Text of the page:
I’m happy to continue this discussion in the comments as long as everyone plays nice. 🙂
26 thoughts on “Christa’s Soapbox: Thoughts About Being a QuiltCon Juror 2019”
Thank you for all the information you have shared!
Great article — well written and thoughtful. Love to hear about your quilting adventures.
Curious if you viewed the Quilts by category or in the order they were submitted?
We could view them in any order – either all together or by category.
Christa Watson Instagram @christaquilts website/blog: ChristaQuilts.com
Thank you for sharing your insights on the jurying process. When I enter quilts in juried shows I never expect them to be accepted, but if they are then that is a win already. I’m attending Quiltcon in 2020 and I’m planning on submitting at least a couple of quilts, whether they are accepted or rejected it won’t matter as attending Quiltcon has been on my list for a while and it is going to be a wonderful experience.
Really interesting insight into the process. Thanks, Christa!
Thanks for your very informative article!
What a lovely article.
Thank you for this post, Christa. I have entered several quilts into Quilt Con and have yet to get one accepted. It’s nice to know the behind the scenes process, and I will keep trying to get one into the show. Competition is stiff, and that’s a good thing!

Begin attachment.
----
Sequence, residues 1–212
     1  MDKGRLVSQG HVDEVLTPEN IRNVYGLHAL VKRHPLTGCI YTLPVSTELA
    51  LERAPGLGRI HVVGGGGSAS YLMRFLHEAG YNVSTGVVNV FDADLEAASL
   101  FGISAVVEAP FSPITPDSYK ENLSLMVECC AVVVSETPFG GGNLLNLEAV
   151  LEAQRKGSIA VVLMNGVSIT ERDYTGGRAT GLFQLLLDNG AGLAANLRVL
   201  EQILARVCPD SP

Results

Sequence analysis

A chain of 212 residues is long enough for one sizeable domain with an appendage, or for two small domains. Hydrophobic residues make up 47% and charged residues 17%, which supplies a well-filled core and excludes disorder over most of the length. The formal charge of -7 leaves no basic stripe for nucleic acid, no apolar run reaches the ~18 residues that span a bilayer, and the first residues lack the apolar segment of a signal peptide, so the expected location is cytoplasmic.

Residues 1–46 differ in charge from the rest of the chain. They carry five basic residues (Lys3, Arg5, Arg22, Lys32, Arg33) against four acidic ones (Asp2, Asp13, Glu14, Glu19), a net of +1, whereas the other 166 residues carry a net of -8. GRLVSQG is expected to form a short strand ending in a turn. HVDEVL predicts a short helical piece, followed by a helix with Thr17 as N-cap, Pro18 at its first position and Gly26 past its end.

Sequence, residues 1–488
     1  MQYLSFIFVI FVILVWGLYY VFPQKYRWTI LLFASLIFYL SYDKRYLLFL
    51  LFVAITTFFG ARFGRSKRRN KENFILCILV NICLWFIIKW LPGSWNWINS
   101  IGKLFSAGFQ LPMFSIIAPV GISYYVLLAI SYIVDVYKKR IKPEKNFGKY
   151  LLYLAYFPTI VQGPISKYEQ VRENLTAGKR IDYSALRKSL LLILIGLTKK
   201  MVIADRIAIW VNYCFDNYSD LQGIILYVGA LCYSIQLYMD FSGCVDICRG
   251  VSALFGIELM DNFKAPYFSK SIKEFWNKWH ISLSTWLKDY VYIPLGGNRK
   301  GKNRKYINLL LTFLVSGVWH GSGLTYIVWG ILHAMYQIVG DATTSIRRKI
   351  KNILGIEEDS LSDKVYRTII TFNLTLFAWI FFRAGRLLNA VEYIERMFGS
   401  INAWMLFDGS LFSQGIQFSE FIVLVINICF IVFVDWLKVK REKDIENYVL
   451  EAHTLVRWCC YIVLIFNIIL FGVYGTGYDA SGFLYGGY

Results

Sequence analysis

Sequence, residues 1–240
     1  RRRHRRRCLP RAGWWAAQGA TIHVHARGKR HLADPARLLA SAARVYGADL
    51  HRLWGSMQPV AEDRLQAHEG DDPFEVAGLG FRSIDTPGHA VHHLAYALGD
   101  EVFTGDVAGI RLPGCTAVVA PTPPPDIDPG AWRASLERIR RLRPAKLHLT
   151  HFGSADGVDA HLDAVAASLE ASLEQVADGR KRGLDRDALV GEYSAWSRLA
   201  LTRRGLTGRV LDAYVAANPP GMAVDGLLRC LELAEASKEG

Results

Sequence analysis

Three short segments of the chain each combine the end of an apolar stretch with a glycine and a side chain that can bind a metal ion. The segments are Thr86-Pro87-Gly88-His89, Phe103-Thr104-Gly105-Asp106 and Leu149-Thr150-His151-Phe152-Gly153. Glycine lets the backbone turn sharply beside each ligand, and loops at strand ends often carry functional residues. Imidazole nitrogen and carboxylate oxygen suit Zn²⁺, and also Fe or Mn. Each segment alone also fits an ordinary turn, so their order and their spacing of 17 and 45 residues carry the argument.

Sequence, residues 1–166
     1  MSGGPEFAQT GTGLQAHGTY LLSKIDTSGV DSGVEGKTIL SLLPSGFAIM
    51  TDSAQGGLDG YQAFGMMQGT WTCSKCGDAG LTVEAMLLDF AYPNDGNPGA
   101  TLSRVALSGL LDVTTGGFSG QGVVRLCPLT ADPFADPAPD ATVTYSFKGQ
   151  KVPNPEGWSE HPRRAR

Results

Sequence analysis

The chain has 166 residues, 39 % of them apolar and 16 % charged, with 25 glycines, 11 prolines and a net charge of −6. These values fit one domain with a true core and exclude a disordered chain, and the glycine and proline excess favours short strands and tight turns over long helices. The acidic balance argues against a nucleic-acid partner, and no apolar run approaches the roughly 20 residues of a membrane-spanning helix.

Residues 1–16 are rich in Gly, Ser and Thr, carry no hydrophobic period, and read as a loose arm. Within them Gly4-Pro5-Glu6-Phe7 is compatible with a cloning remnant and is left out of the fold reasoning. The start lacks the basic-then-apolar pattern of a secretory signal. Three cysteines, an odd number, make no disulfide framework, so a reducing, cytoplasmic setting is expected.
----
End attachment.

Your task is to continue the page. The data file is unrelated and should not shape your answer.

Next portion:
Great article, Christa. I’ll be attending QuiltCon for the first time in 2020!!. I didn’t submit anything but would like to in the future. Does the quilt pattern need to be designed by the maker or can we submit any quilt/pattern?
How wonderful that you’ll be able to attend! The quilt pattern does NOT have to be designed by the maker. However, in my experience, original designs seem to do better.
Christa Watson Instagram @christaquilts website/blog: ChristaQuilts.com
Very interesting read and appreciate your sharing. Thanks Christa!
Thanks for sharing this. So much information here.
I noticed at QuiltCon2019, that one of the displayed quilts from the Michael Miller Challenge had used the wrong shade of one of the Hash Dot fabrics. It really stuck out to me when among the other quilts. I wondered why it was chosen since it obviously didn’t follow the guidelines. Now, after reading your post, I realize that in the jurying process, the fact that an Incorrect shade was used probably didn’t register in the photo that was being used. Thanks again for the info!
I’m so glad you finally posted about this Christa! Though I was aware of your thoughts on the subject, I’m glad to see them all laid out. I have no doubt that jurying is a challenging job, and that you and your co-jurors went through the process thoughtfully, and with lots of time and car. Thank you for that! As much as I appreciate everything you said, whether it’s QuiltCon, AQS, Road to California, or whatever show, knowing all this still doesn’t alleviate the sting of being turned down – once, twice, three times. It’s tough to pick oneself up and try again.
Once again I am proud to see your development over the years. I love keeping up with all your experiences. Thanks for giving me an inside view. I especially appreciate your comments on judging as I started the process to become a certified judge partly because of your blogs and connections. Thank you, thank you, and thank you!